Lock inletting

<< < (2/7) > >>

bob in the woods:
Inlet the plate all the way. If it is sinking too much into the wood, I plane down the lock panel, but that usually doesn't happen much any more, cause I eye ball it better than I used to. I also make sure that the lock panel is square to the barrel before I inlet the plate...makes it easier.

J Shingler:
Inlet the plate fully or you are going to go back and reinlet every part .030 deeper after you think you are finished. You will have the outside lock panel all shaped and then realize you forgot to final inlet that plate. Go back and curse yourself for not doing it right the first time. Reinlet all the parts again and then sand the lock panel wood down to final depth and watch that lock panel grow! All your hard work was for nothing as now you have to cut the lock panels again.  Ask how I know ..... :-[

tbailey:
GREAT INFORMATION ON LOCK INTLETING, I HAVE SOME TROUBLE DOING IT ALSO. I WILL HAVE GAPS AROUND THE LOCK,  ONE THING I WOULD LIKE TO KNOW,  DOSE EVERYONE ALWAYS FILE A DRAFT ON THE LOCK.

Acer Saccharum:


I do as Taylor does. Inlet the lock right down to the barrel. You can file the bolster a little to get a perfect fit, or file the barrel flat a little. A tight fit between barrel and lock keeps water from entering the lock cavity. A little dab of grease on the lock bolster before final assembly seals the joint.

Once the lockplate is down in place, mark the holes for the bridle through the lockplate with a pencil or a tight fitting drill. Then pull the lockplate and locate the bridle over your marked hole locations, trace the outside of it with a pencil. Drill holes in the wood within the borders of the bridle, but just shy of full depth. put a depth stop on the drill bit, or wrap the bit with a piece of masking tape as a depth gage. Then chip out the cavity and start fitting the bridle completely, screwheads and all.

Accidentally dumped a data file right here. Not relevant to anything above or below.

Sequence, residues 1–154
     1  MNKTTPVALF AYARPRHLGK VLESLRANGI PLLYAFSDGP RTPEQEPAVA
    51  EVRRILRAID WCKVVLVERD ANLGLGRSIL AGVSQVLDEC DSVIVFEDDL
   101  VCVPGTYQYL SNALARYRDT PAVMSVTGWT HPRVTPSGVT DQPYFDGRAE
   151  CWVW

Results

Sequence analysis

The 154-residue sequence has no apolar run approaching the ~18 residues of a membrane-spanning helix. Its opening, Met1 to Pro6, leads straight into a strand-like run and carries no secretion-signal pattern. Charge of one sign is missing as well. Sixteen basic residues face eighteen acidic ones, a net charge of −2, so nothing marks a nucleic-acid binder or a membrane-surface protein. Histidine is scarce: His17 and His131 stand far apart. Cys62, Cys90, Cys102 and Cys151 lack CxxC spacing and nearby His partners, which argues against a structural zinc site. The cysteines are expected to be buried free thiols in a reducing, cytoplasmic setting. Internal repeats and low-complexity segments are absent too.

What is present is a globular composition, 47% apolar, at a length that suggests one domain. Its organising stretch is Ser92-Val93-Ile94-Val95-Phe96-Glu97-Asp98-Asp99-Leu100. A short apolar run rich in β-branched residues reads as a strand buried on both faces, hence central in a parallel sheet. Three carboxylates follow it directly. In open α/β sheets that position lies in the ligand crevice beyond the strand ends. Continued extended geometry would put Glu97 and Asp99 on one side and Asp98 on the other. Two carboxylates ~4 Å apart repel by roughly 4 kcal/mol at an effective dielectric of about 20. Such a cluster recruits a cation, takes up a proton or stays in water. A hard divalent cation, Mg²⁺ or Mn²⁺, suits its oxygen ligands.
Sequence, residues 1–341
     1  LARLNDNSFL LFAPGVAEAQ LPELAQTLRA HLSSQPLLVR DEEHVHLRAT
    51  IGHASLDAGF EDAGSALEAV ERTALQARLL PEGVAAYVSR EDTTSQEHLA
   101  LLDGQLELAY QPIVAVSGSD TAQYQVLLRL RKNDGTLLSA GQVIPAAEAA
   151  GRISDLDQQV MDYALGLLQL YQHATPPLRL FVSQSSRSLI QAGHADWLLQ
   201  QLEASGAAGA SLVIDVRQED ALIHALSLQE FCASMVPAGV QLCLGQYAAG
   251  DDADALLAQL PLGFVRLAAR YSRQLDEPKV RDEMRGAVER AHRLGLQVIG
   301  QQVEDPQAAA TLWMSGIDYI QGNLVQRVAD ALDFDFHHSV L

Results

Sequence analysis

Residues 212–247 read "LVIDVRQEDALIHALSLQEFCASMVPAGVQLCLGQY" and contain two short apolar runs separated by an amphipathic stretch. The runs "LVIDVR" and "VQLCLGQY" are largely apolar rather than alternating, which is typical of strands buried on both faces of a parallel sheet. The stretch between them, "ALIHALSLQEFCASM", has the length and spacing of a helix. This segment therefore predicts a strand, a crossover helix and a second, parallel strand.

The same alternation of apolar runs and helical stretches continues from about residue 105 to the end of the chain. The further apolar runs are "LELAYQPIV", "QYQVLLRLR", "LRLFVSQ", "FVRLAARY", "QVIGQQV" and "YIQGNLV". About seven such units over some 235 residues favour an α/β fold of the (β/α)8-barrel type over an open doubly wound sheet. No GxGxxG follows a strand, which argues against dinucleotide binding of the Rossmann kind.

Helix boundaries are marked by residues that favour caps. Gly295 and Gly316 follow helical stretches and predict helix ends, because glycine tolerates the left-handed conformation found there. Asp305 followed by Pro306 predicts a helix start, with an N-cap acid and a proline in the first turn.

Jim Filipski:
Quote from: tbailey on July 29, 2008, 09:41:48 AM

GREAT INFORMATION ON LOCK INTLETING, I HAVE SOME TROUBLE DOING IT ALSO. I WILL HAVE GAPS AROUND THE LOCK,  ONE THING I WOULD LIKE TO KNOW,  DOSE EVERYONE ALWAYS FILE A DRAFT ON THE LOCK.


Tbailey,
Are you referring to a slight draft filed on the bolster ( to throw the tail of the lock out). I have only done this a few times when I had used straight sided oct.barrels. Also on two of my Northampton guns ( with swamps) to get the wider wrist width usually seen on that type of rifle. Other then that I won't because the swamp barrel has the angle already.

But I do lay the lock plate on it's bolster (after it is stripped of the guts) on a large machinist parallel and eye ball it to make sure it is parallel to the plate itself.
More often then not ( especially recently on a number of different brands of locks I have noticed this) the bolster needs some filing because it may cause the lock plate to pitch backward (at the tail ) or inward or outward (at the bottom)This is an important thing to do before inleting a lock plate
If your lock panel is parallel with your side barrel flat it makes life easy to inlet the plate square to the barrel flat
Jim

Navigation

[0] Message Index

[#] Next page

[*] Previous page